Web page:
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September 19, 1996 - Image 10

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Publication:
The Michigan Daily, 1996-09-19

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10A - The Michigan Daily - Thursday, September 19, 1996
U.S. asks Kurdish
warlord for policy aid

NATION/WORLD

Japanese
charging
quickly
into debt

-1

The Washington Post
WASHINGTON - For the United States,
Massoud Barzani committed the ultimate betrayal
last month. The Kurdish warlord, with whom U.S.
officials renewed high-level contact yesterday, sold
out to Iraqi President Saddam Hussein after years
and millions of dollars worth of American support
- more than any other Iraqi opposition leader.
His relationship with the United States was so
close the CIA station was based onBarzani's turf.
His security force provided American agents with
protection and critical intelligence, say Iraqi dissi-
dents who worked with him. Covert operations.
were often launched from his territory - includ-
ing a U.S.-orchestrated drone airdrop of anti-
Hussein leaflets over the capital on the Iraqi pres-
ident's birthday in 1994.
So when Barzani, instead, balked at a U.S.-
orchestrated cease-fire with his rival last month
and, just days after his 50th birthday, led Hussein's

elite troops in a sweep across the 36th parallel into
the U.S.-declared Kurdish haven in northern Iraq,
furious Clinton administration officials used terms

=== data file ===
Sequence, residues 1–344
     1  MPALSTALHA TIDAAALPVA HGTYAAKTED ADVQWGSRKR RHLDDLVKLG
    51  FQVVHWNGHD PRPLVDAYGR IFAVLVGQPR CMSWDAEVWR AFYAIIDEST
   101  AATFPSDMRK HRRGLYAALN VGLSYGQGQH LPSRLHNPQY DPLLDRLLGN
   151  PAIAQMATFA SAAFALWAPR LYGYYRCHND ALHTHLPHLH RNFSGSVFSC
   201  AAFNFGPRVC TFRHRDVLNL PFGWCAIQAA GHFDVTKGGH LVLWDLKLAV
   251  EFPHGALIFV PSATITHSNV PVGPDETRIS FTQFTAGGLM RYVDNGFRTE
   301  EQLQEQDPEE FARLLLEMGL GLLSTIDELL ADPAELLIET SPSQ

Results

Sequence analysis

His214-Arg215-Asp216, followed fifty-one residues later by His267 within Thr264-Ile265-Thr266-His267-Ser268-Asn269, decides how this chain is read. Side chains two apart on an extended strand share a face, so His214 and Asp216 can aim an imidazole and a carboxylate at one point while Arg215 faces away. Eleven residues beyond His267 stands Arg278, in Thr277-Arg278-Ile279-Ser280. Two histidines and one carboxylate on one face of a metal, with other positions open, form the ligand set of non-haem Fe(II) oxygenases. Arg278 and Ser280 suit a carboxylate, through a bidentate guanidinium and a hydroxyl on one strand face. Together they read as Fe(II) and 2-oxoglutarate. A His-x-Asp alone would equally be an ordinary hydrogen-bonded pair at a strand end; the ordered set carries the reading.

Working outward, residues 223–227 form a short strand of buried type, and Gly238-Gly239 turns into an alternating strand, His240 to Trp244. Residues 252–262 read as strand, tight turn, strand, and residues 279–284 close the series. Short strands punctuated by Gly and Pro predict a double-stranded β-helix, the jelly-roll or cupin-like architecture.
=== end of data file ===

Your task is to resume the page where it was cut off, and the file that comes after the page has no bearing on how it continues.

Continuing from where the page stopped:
like "quisling" and "traitor" to describe him.
Yet, as one part of an attempt to salvage U.S.
policy, Washington again has turned to Barzani,
whose life and policies are full of contradictions.
Assistant Secretary of State Robert Pelletreau
traveled to the Turkish capital to meet Barzani yes-
terday - and to try to win him back.
"Our strong advice to the Kurdistan Democratic
Party is to forego an alliance with Saddam
Hussein;' State Department spokesperson Nicholas
Burns said yesterday. "We'd like to see the Kurdish
factions sit down and negotiate their differences."
Initial signs were upbeat. Barzani, who inherited
pover through the wealthiest Kurdish clan and who
still dons a turban and baggy trousers despite years
in the West, declared this week that his alliance with
Hussein was never meant to be permanent.

0

AP PHOTO
A different drummer
Members of the Tai Pel Folk Dance Theater, a Taiwanese dance company, perform a dance
called "The Jumping Drum" across the street from the United Nations In New York yesterday, In
coordination with a cultural festival to promote Taiwan's admittance to the United Nations.

East Asia plays
large evolution role

The Baltimore Sun
BEIJING -After yielding Java Man
and Peking Man earlier this century,
East Asia almost dropped off the map
for archaeologists searching for clues to
human evolution.
But the region's recent period of
peace and stability has allowed archae-
ologists to start digging again, turning
up a series of discoveries that is forcing
a fundamental reassessment of how
humans evolved. Strands of evidence
being gleaned from sites in China and
Indonesia during the past two years
now suggest that Asia played a bigger
role than previously imagined - possi-
bly even giving rise to modern humans,
who were thought to have originated in
Africa.
The newly unearthed evidence has led
to a debate over when an early species of
human, Homo erectus, migrated from
Africa to Asia, with some archaeologists